If your employer offers a DC RPP, you can join right away if you meet the employer's eligibility requirement for the plan and if you've earned income for the current year.

3. Tax-Free Savings Account (TFSA)

What is it?

  • A TFSA is for your short-term or long-term savings goals.
  • Your money isn't locked in, and you can take it out at any time for any reason. You don’t pay tax when you take your money out of a TFSA.

Who contributes?

  • If it’s a mandatory plan, you must join and contribute to the plan if you're eligible. If it’s optional, it’s your choice to join and contribute. 
    • Your contributions aren't tax deductible.
    • There’s also a contribution limit for TFSAs. The contribution limit for 2023 is $6,500. 
  • Your employer might contribute.


  • You can start taking advantage of a TFSA when you're a resident of Canada, 18 years of age or older, and have a Social Insurance Number (SIN). 
  • You can put in the full amount for the current year once you meet the eligibility requirement.

4. Deferred Profit-Sharing Plan (DPSP)

What is it?

  • A DPSP is for your employer to share profits with you, which grow tax free in the plan.
  • In most cases, you can’t take money out of the DPSP while you're employed with the organization, but some employers allow what’s called in-service withdrawals. You’ll be charged a withholding tax when you take money out.

Who contributes?

  • You don’t contribute, but you must join the plan, if eligible, to receive your employer’s contribution.
  • Only your employer contributes. 

You don’t pay tax on the funds your employer puts in. 


Eligibility is determined by your employer.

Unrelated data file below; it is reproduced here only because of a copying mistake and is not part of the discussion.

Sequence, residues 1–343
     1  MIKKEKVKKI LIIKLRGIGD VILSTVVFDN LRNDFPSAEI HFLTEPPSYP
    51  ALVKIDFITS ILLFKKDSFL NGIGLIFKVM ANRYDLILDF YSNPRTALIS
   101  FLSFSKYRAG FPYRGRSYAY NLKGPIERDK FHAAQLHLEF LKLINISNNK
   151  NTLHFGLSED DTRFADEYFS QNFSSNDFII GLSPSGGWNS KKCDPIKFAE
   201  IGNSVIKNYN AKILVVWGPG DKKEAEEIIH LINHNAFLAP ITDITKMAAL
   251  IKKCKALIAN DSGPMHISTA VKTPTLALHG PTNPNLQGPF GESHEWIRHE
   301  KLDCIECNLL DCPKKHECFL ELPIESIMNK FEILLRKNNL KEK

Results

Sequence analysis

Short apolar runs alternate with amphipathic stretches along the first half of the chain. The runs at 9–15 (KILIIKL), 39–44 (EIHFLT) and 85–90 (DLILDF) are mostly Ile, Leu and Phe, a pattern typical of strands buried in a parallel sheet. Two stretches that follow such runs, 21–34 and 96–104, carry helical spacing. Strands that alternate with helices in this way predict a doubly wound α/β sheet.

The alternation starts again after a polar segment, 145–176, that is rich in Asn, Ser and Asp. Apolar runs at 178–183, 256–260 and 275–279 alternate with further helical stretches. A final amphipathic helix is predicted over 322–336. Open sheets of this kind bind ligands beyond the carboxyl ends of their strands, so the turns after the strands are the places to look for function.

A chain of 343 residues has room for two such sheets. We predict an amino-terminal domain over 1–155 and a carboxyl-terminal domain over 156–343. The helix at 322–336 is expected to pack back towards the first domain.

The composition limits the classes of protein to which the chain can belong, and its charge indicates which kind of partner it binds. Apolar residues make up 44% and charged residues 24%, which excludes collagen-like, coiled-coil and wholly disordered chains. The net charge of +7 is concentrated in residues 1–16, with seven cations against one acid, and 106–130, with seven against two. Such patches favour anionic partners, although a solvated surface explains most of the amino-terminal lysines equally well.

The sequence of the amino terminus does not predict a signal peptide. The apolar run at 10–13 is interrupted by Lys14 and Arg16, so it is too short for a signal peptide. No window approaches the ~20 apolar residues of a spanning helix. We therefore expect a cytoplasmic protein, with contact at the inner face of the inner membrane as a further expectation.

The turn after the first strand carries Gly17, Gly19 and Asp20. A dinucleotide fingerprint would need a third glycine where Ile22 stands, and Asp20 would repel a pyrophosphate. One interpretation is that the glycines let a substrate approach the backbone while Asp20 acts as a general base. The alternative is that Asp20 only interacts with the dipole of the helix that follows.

How do you join a workplace retirement plan?

When you start your job in Canada, you’ll likely receive information from your manager or benefits administrator on the types of retirement programs and benefit plans offered by your employer. This should include instructions on how to join. 

Your employer will have specific rules on who can join what plan, when, and the type of contribution you make—on top of government criteria.  

When you join a plan, you’ll need to decide how much you want to save and choose investments for your savings. Don’t forget to add a beneficiary. If you can, make sure you’re registered to receive your plan statements and tax receipts digitally—it can help make it easier to keep track of everything. 

Make the most of your plan 

Once you’re ready and able to join your workplace retirement plan, remember that every dollar counts, and it adds up over time. You can maximize your contribution to make the most of any matching funds from your employer. It’s never too late to start. 

The commentary in this publication is for general information only and should not be considered legal, financial, or tax advice to any party. Individuals should seek the advice of professionals to ensure that any action taken with respect to this information is appropriate to their specific situation.